The secret was time.

A television screen is made up of individual pixels. Every pixel, on its own, an infinitesimal part of the greater picture. A beard is made of individual hairs. Each hair, on its own, an infinitesimal part of the greater beard. Brad had thirty thousand individual hairs in his beard and just a single one, either too long or too short or too dark or too light could ruin the whole goddamn party on his face — These hairs had to be hunted and exterminated at all costs for the sake of the greater beard and yes, that took time.

Too much time, Candace would sometimes suggest. But Brad was ready, willing and able to wake up every morning at quarter to four to search and destroy the illegals on his face, so really, get the fuck over it Candace. He was still in the shower by five thirty and ready to kick ass for the boss by six.

And this was why everyone asked him about the exquisitely shaped monument of manhood. Because they somehow sensed it was more than just a beard. It was something they all wanted, but had never achieved…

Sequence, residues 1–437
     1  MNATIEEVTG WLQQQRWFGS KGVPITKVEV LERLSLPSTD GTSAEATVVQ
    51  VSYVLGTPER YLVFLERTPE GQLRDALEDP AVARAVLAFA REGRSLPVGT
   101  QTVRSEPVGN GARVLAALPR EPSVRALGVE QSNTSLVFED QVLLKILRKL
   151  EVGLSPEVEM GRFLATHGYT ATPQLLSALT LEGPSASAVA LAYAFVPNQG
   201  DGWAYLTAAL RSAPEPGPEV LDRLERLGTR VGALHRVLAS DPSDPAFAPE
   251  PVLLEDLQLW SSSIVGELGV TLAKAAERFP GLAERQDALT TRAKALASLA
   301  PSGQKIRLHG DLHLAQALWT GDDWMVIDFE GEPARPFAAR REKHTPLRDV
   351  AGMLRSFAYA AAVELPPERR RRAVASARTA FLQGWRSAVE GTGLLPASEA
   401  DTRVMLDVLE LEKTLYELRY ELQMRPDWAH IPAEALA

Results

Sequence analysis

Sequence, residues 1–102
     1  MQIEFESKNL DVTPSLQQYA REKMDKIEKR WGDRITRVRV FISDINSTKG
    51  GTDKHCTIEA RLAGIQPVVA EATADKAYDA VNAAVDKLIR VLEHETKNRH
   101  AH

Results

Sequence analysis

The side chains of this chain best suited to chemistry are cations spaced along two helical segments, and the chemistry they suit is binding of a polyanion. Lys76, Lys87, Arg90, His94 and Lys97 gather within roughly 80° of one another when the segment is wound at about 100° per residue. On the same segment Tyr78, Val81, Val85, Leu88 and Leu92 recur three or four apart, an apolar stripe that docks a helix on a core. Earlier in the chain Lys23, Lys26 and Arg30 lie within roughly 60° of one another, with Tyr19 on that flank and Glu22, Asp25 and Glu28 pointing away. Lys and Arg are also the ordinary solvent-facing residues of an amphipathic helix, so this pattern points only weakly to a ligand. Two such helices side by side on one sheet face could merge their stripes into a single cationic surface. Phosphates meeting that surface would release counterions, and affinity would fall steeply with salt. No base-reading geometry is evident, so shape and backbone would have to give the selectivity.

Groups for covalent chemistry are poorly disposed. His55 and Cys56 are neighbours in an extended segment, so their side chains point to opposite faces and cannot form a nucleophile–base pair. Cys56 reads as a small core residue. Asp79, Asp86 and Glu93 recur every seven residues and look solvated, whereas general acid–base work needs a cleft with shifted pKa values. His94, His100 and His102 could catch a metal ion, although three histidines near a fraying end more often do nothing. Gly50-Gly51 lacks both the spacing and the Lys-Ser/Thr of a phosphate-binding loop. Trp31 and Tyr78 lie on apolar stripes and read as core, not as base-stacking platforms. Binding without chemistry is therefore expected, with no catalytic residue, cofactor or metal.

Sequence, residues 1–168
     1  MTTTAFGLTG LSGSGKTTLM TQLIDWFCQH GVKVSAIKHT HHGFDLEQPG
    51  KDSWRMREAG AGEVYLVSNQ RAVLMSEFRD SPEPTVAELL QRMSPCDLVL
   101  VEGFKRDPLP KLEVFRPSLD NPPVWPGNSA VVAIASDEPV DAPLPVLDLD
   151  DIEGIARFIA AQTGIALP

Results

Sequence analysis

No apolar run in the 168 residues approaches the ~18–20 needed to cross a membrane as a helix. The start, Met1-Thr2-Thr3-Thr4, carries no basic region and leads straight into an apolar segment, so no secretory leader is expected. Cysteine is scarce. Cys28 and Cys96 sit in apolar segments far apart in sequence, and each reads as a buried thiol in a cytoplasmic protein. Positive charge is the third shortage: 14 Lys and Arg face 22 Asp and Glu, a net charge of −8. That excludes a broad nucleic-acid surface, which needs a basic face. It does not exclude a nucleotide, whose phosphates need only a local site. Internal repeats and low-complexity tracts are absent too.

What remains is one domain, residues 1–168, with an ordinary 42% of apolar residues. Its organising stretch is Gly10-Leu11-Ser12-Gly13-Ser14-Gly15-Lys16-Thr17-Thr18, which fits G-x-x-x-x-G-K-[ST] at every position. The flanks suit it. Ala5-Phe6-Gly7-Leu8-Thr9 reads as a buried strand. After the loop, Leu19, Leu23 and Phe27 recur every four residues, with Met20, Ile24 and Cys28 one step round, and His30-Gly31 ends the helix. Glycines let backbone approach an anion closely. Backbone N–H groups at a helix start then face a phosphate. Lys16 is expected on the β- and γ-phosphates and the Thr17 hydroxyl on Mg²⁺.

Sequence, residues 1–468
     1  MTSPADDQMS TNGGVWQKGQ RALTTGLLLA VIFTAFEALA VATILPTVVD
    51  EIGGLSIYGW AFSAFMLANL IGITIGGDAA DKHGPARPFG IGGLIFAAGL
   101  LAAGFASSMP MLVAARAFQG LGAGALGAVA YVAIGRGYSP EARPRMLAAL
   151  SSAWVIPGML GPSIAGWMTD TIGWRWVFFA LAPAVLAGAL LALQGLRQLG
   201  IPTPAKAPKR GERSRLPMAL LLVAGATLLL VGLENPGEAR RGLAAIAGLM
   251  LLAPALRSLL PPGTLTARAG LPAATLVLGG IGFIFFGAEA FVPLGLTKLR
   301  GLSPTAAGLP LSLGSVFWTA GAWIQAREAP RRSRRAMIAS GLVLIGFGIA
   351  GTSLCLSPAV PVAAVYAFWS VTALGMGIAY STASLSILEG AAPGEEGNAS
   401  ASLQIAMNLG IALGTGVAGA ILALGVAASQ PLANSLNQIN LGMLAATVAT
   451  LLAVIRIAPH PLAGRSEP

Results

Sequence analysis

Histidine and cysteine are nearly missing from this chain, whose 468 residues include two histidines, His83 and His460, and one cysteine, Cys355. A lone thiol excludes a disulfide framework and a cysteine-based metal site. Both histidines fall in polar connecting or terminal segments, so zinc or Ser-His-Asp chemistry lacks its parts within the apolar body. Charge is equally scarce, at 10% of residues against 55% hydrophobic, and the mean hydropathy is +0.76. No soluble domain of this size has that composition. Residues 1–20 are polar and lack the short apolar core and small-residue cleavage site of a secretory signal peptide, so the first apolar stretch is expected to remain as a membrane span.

It was pure.

Which is why Brad was not at all surprised to hear a voice say “Great Beard!” as he walked to his Escalade.

Brad was, however surprised to see the voice belonged to a kid. A boy, maybe ten, stood in the parking lot, smiling and overconfident in a way that defied every teaching surrounding the laws of children and strangers. “Thanks.” said Brad, and opened the door to the Escalade.